Calendar of the Cecil Papers in Hatfield House, Volume 23, Addenda, 1562-1605. Originally published by Her Majesty's Stationery Office, London, 1973.
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|Scheme for a Funeral Monument.|
Drawing of a sepulchral monument in the event of
the death of Sir William Cecil and that of his wife, Lady Mildred.
The date on the drawing is 1562, and the figures are those of
Sir William, Lady Mildred, Thomas Cecil (later 1st Earl of
Exeter) and Anne Cecil (later the wife of Edward de Vere, 17th
Earl of Oxford). Certain inscriptions at the base of the monument commemorate the death of three younger Cecil children.
1 sheet (CPM 11. 14.)
Map of land between Hoddesdon and Cheshunt, co.
Herts. Some of the entries are in Lord Burghley's hand. The
map shows certain property at Waltham in the possession of
Robert Huycke (? d. 1581). Huycke or Huicke was physician
to Henry VIII, Edward VI and Elizabeth, and purchased land
at Waltham in 1570. (See CP. Deeds 227/7.)—Undated.
Endorsed: "Hoddesdon, Cheshunt, Waltham." 1 sheet. (CPM supplementary 20.)
|Lawrence Smith to Queen Elizabeth.|
In consideration of many years of service he asks
for a lease of all the lands forfeited to the Crown by the conviction
for robbery of Richard Cole, of Northway, co. Gloucester, in 1576.
He is ready to pay £60 annually as rent, but requests that Cole's
life be granted him "in respect that the sayd landes of Coles ys
supposed for to bee intayled, whereby your Matie nor any other
by your Highnes graunte cannot receave any longer benefytt of
the sayde landes then duringe the lyef of the sayde Richard
½ p. (P. 820.)
[See Acts of the Privy Council, 1575–77, p. 186.]
|John and William Goodwin.|
|[1576 or after].||
A particular of the estate of John Goodwin,
of Muswell Hill, co. Middlesex, who died on December 26, 1575.
The property was inherited by his son William, who was 26 years
old at the time of his father's death. At the Inquisition post
mortem, held on May 22, 1576, "apud le castle in St Johns Strete"
in Middlesex, the estate was said to have included Muswell Farm,
Muswell Chapel, and cottages and lands held of the manor of
East Greenwich, with a total annual value of £9.—Undated.
Signed: William Tooke, auditor. 1½ pp. (P. 2170.)
Plan of land between Enfield and Tottenham,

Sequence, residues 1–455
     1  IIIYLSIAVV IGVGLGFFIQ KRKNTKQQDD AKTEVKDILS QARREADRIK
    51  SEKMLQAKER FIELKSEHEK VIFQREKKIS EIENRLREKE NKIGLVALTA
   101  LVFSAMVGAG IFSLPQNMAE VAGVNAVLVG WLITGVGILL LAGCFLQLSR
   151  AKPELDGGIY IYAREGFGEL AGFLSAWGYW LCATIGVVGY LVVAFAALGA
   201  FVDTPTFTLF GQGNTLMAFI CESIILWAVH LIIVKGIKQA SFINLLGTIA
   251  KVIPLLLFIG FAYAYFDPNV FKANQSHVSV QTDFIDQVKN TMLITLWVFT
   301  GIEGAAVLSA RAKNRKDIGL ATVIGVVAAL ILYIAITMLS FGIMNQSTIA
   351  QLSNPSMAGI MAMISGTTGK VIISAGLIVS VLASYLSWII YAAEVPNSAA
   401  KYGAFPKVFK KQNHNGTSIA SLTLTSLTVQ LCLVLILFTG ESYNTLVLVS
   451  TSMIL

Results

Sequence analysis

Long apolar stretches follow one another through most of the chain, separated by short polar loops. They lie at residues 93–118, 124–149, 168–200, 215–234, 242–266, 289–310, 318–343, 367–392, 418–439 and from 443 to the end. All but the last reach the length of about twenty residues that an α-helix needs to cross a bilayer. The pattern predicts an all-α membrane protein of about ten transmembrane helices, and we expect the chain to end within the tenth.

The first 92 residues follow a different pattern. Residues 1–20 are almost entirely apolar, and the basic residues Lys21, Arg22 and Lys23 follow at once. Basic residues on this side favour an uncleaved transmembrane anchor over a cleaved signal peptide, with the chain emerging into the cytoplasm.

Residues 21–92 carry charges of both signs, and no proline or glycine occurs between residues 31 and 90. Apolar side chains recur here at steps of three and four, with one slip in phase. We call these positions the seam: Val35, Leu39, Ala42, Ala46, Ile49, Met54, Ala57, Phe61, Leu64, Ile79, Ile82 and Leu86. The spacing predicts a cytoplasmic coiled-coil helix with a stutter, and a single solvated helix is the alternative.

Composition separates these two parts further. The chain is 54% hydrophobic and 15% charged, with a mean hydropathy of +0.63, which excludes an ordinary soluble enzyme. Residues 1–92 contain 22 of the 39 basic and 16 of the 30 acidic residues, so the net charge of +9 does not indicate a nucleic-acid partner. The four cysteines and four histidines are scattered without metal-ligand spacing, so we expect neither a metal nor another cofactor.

containing notes in the hand of Lord Burghley. The properties
named include Pymmes and Pleasantries acquired by him in
1582 and 1588 respectively. Another named Prior's Grove was
leased to him on February 28, 1581–2, by Gabriel Grymston.
(See CP. Deeds 238/14.) The map has also a drawing of the
Endorsed: "Lands adjacent to Enfield." 1 sheet. (CPM supplementary 27.)
|F. Parker to Richard Perceval.|
|. December 2. "I have appoynted a frend of myne, one Mr Locksmith, to proceed with the offices after the death of Edward Humberston (fn. 1) and Edward Eyre this vacasion. [Marginal note: Hartford] If any inquier of them (for that I will not be seene in yt) I beseech you to directe them to the peticoner and to him; he is soliciter to Mr Swynnerton, farmer of thimposts in Aldermanburye. Therefore I praie you, make a note for a warrante for writts to Mr Hare, and that you would (if it please Mr Secretarie to graunte the other wards unto my cozen Warde) certifie me thereof by this bearer, and deliver him a note for warrants for the writts that I maie fynd the offices nowe when I am in the country. Also I beseech you, if any speake in Lucas his warde [marginal note: Lincolne] to have a care in it, and if it prove as I verylie hope to doe, I will geve you xxtie marks."—2 December.|
Holograph. Addressed: "To the worthy my very good frend
Mr Richarde Percyvall, Esquier, at his house in the layne leadinge
from Charinge Crosse to St Giles."
⅓ p. (P. 2129.)
|[After December 14, 1584].||
A rental of the estate of William
Corbett, of Leigh, Salop, deceased. (fn. 2) The lands include the
demesne at Leigh, which provide an annuity for his brother
Reynold, and tenements situated in Aston Pigot, Asterley,
Minsterley, Worthen, Sibdon Carwood, and the manor of Medlicott, in Salop, and Great and Little Hem in Montgomeryshire.
The annual value of the estate is £161:4:0½.—Undated.
3 pp. (P. 2170.)